The South Carolina Master Naturalist Program is a statewide corps of volunteers sponsored through the Clemson Extension Service providing education, outreach, and service dedicated to the beneficial management of natural resources and natural areas within their communities. Interested South Carolinians become Master Naturalists through training and volunteer service.
LCI and the Master Naturalist Program
The Master Naturalist program has become LCI’s “flagship” education program. In 2000, LCI helped Beaufort County Clemson Extension agent Jack Keener initiate the state’s first Master Naturalist course. After Jack’s retirement in 2002, the Clemson Extension Service asked LCI to continue the program. Since becoming the local provider for this program in 2003, it has expanded from one course per year to four classes per year, one of which is taught to teachers on Saturdays. LCI staff has developed instructional materials to support the program and a series of 12 all-day field experiences to enable adult learners to gain first hand experience in local habitats and environmental issues of coastal South Carolina. In 2005 LCI worked with Clemson University to expand the program statewide by sharing the materials it had created and its lessons learned. As of May 2010, over 375 people have graduated from the program and these graduates have created an association through which members continue to learn about the environment and conduct service projects.
What is a Master Naturalist?
A Master Naturalist is a person who has undergone specific training and who regularly volunteers time toward various projects. Typically, Master Naturalists seek to make a difference in helping to maintain the quality of our native ecosystems through training designed to help ‘read’ the landscape of the state. This includes understanding the underlying geology, specific inhabitants (birds, plants, mammals, etc.), ecology and the impacts of humans on the landscape including how we conserve our amazing natural environments. Once trained, Master Naturalists volunteer in a variety of projects. In essence, the Master Naturalist program aims to turn out volunteer citizen scientists who can positively impact the natural resources of the state.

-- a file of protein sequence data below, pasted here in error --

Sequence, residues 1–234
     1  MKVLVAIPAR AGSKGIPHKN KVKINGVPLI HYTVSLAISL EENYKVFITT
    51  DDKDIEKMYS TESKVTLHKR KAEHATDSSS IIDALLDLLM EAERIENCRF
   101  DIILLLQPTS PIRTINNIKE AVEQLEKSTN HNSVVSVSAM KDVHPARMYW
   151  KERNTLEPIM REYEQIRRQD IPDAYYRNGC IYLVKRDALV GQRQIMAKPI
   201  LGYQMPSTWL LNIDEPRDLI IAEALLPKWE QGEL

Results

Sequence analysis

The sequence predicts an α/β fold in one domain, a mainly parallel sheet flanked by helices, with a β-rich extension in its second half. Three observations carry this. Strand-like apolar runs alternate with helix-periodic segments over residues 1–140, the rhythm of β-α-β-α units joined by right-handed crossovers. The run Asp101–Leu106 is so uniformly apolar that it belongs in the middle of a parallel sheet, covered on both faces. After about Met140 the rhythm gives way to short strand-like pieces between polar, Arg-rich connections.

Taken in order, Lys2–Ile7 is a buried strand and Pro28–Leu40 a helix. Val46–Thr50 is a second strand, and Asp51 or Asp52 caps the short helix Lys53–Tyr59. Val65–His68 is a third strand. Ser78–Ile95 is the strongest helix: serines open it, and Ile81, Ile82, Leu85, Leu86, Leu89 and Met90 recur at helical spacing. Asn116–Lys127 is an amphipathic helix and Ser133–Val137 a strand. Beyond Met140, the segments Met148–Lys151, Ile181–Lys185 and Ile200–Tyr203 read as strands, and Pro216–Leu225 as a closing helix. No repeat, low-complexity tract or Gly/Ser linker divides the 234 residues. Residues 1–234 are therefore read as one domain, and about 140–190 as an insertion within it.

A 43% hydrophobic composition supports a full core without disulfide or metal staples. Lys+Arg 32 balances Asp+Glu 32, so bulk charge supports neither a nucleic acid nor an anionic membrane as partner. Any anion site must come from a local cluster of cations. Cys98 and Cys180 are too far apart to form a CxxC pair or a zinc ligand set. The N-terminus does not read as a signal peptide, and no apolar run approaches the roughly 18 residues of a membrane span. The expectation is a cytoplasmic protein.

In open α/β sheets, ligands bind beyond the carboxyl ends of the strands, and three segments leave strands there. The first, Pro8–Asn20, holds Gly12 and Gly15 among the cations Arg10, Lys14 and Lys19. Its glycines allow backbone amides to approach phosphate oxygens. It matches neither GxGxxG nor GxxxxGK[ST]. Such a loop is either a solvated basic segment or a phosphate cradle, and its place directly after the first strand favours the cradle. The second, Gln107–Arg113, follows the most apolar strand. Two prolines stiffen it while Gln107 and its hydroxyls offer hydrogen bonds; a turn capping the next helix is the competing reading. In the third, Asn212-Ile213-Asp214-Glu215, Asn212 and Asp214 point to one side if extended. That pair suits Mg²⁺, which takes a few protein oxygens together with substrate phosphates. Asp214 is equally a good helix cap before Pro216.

What Do Master Naturalists Do?
Individuals who participate in the program bring diverse skills and experiences that contribute time, energy and ideas in maintaining the native eco-systems throughout the South. After receiving training, Master Naturalists may participate in many different types of volunteer activities. These might include assisting in a nature outreach program at a park, museum, nature center or school; assisting a scientist collecting bird census data; collecting data on water quality or many others.
The Master Naturalist course is a 12-session program. Courses meet in the spring and fall on Mondays and a seminar format course meets in the spring from Tuesday through Thursday once a month for 4 months. Class sessions last from 9AM - 3PM and are held in locations throughout the lowcountry, including Spring Island. Travel time to locations varies but is usually less than 1 hour. Cost of the course is $600 - this fee covers all of the field trips, 9 guide books, a course manual, course materials, and instruction by our region's top naturalists. Travel costs and one overnight trip are not covered by the fee. Participants should be in good physical condition as most sessions are held out-doors and require short, moderately-paced walks. Please contact us with any additional questions.
Teacher’s Master Naturalist program
The Teacher’s Master Naturalist program incorporates best practices for systemic school reform. LCI adapted its Master Naturalist curriculum to provide a program that teaches teachers how to use experiential learning most effectively to improve their school’s science and math programs. Participants engage in research and educational experiences designed to empower them to teach from a first person perspective, sharing their personal adventures with their classes. During workshops, teachers set and check traps for fish, reptiles, and amphibians, conduct flora and fauna surveys, and collect and identify marine invertebrates and other organisms. As teams of teachers graduate from the course they continue to receive support for school-based projects from LCI staff and the local Master Naturalist association. The program began in 2007-2008 with two pilot schools, and now the majority of schools in the district have at least one Master Naturalist trained teacher. Teachers receive Master Naturalist certification and continuing education credit after completing the year-long program.